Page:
How to move around Salamanca
Just like in the case of other cities I visited during my solo travel to Spain, Salamanca is totally walkable, especially if you stay in the center. It was less than a kilometer to the farthest place on my list of places to visit in Salamanca from Escala Luna, so, naturally, I did not need buses.
I came to Salamanca’s bus station from Seville, and the distance between the station and my hotel was a bit more than a kilometer, so I chose to walk. If you have luggage, than you can take bus 4 at the Avenida De Los Maristas, but it will take you only to the Archbishop Fonseca College: after that, you will have to walk anyway.
I bought a train ticket to get to Madrid, and the train station of Salamanca is quite far from the touristic area, almost 2 kilometers. I walked it, but you could take bus 1 at Calle Gran Via, and it will take you right to the train station.
What and where to eat in Salamanca
After saving as much as I could and eating only food bought at supermarkets in Seville, I decided to change the strategy for Salamanca, and the main reason was that restaurants were cheaper there.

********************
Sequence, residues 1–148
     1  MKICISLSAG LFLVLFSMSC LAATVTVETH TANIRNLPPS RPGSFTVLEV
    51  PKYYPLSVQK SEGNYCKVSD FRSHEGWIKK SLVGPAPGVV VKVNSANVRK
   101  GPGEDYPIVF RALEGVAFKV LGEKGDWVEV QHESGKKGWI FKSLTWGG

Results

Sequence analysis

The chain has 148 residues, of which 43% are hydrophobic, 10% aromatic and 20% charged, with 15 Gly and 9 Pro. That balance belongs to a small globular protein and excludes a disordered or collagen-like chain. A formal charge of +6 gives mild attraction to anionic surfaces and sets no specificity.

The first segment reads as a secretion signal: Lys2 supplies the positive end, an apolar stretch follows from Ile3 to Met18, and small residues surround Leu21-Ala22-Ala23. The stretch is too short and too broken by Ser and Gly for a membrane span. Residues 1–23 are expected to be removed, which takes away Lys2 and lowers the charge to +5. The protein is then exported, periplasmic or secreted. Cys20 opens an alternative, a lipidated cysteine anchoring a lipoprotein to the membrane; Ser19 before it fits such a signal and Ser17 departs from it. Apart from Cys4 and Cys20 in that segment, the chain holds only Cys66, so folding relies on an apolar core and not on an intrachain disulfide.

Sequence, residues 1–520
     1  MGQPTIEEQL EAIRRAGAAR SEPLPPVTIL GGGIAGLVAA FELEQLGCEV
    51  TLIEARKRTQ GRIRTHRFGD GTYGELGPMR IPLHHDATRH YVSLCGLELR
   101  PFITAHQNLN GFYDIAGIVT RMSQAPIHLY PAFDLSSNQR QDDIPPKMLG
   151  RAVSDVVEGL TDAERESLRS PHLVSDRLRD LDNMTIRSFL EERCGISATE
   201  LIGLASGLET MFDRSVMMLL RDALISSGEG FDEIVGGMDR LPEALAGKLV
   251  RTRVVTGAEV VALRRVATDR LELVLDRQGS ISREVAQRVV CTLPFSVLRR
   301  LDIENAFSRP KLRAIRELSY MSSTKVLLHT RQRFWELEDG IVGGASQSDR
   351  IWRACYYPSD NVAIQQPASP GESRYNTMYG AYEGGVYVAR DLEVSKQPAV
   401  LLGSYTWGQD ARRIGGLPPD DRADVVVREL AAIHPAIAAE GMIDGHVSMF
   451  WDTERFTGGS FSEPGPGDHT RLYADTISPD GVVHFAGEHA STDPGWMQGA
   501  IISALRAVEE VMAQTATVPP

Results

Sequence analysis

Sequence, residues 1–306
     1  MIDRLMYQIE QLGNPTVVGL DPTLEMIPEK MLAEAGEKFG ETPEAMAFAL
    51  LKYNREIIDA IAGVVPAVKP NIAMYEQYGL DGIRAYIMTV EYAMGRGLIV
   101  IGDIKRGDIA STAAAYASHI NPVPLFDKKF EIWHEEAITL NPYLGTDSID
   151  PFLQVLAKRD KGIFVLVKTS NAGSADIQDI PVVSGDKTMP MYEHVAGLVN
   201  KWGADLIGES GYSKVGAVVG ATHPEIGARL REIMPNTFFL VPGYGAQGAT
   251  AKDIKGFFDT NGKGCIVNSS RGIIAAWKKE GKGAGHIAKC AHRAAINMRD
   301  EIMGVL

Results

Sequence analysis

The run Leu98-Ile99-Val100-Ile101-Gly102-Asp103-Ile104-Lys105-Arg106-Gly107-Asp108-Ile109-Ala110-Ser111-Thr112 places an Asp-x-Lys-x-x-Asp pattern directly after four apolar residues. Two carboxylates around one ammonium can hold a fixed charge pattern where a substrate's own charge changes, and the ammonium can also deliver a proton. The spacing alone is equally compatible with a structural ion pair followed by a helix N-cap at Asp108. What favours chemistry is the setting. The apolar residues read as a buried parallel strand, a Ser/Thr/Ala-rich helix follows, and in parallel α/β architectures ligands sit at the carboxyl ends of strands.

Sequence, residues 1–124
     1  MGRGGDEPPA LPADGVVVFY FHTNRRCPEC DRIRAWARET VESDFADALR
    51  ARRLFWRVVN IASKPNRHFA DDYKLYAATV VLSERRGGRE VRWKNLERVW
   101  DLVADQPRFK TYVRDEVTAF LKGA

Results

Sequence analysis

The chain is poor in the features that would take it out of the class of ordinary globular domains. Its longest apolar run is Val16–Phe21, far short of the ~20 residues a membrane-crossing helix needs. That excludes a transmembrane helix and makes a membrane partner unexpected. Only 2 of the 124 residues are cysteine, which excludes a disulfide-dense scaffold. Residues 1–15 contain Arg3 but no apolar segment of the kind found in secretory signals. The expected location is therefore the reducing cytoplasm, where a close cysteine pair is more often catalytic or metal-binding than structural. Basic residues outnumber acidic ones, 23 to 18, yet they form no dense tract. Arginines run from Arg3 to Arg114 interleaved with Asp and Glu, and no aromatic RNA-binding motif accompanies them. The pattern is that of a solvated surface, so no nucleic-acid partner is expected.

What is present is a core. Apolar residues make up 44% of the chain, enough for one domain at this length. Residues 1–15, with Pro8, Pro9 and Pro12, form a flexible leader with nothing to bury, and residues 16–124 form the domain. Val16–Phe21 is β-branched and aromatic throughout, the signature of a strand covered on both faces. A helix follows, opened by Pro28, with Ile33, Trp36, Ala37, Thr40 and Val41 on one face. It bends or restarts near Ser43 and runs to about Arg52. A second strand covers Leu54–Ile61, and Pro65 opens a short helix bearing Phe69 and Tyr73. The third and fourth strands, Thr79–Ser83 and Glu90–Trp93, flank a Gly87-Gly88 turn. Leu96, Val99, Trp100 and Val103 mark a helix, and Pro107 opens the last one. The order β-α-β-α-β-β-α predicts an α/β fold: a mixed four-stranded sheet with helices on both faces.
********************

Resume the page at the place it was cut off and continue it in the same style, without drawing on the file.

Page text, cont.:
And I have a place to recommend! During these 3 days in Salamanca, I ate mainly in one restaurant: Corrillo. Situated just in front of Escala Luna, it is not actually a restaurant, more of a pub with beer and tapas. And those tapas are amazing! Try their tortilla, marinated pork cheeks, octopus with potatoes, open sandwiches: everything is yummy!
Well, they offer breakfasts as well, including the traditional one with bread and butter and marmalade, and the English breakfast, and other options.